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Council staff admit 19 private data leaks.

Byline: HERBERT SODEN Local democracy reporter herbert.soden@trinitymirror.com @HerbertSoden88

A SOCIAL services report detailing someone's mental health and medical problems was uploaded to an online forum after an authority worker clicked on the wrong option.

This was just one of a series of data breaches that happened at Gateshead Council in a 10-month period.

It has admitted to 19 data leaks since May last year, including two that had to be reported to the Information Commissioner's Office (ICO) - the UK's independent body set up to uphold information rights.

A report into information governance at Gateshead Council revealed the breaches to General Data Protection Regulations (GDPR).

The ICO decided to take no action after an incident which saw a social services report with details about someone's mental health accidentally uploaded to an online forum. Tanya Rossington, litigation manager and information rights officer at Gateshead Council, said no action was taken because the forum was used by other health professionals.

At Monday's meeting of the corporate resources overview and scrutiny committee, she said: "A social services report about someone's mental state and the medical conditions they had was wrongly uploaded to an online forum using the nickname file facility.

"That's where you go to send somebody an email and you put the letter 't' in and it goes to a drop down box listing everyone you've sent an e-mail to. They hit the wrong one and it went to an online forum. It was other mental health professionals thankfully.

"We reported it to the Information Commissioner and we got a decision back in January that said it was a data breach but they weren't going to enforce a monetary penalty on us, because it was a breach that went to other professionals who have a professional duty of confidentiality, so the risk was low."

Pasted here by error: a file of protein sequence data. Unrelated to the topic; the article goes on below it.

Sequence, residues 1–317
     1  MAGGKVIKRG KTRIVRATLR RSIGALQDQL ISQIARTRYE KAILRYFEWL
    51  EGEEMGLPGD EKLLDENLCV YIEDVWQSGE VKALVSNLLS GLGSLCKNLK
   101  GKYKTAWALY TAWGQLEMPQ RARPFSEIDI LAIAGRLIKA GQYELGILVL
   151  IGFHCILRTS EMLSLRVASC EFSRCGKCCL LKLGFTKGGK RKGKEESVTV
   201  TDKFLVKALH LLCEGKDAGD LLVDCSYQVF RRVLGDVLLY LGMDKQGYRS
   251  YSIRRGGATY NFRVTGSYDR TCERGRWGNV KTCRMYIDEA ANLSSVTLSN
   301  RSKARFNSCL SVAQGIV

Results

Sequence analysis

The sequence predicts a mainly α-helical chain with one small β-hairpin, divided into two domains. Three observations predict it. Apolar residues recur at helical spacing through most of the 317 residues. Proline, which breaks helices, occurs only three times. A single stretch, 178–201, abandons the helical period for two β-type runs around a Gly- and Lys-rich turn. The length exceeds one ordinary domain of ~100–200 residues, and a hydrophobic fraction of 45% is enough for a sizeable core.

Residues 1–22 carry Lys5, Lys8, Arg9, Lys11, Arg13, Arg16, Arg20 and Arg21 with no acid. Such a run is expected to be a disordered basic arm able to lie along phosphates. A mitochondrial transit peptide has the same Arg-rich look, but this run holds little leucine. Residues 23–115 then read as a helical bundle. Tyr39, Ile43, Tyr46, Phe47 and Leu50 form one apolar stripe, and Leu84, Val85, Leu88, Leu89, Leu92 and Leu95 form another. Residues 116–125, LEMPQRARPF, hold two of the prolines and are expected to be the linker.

Gateshead Council is currently working on removing the nickname email facility from its social services department.

The ICO is yet to make a ruling on a breach where a council tax liability schedule in a debt case was sent to a debtor with the names and addresses of 53 other people who owe money to the authority.

"A council tax liability schedule was sent to a debtor and it should have only had their information on. It had details of 53 other service users, names, addresses, and the fact that they owe council tax," said Ms Rossington. "We got it back from the person and provided them with the right information and we're just waiting for a decision to come back."

In another incident, an educational psychologist's report was sent to the wrong address. The report was retrieved and the address updated.

A worker lost a notebook containing service user information, in this case the employee was told to retrace their steps and provided with advice about secure methods of accessing service user data off site.

A fostering agency was sent information about a child they weren't caring for, it destroyed the report and the correct record was sent to them. There were two incidents where letters about care cases were sent to the wrong recipients because the system wasn't up to date.

A report was sent to the wrong solicitor by email, this was later deleted and the employee asked to double check email addresses.

There were nine separate incidents of correspondence relating to housing benefit or council tax being sent with the correct data to the wrong people. Because of this, all revenue and benefit staff took GDPR training in December and the council has brought in the services of an outside mailing company.

A resident also complained to the council when her data was shared with her landlord without her permission.

The authority upheld the complaint and apologised. The staff member responsible was "provided with advice about appropriate data sharing".

Finally a building control invoice was sent to the wrong house number, it was later retrieved and the address details were updated on the system.

Ms Rossington described the recent changes to data protection rules as "massive" but said the council had done a "large amount" of work to comply with legislation.
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Publication:Evening Chronicle (Newcastle, England)
Date:Mar 8, 2019
Words:689
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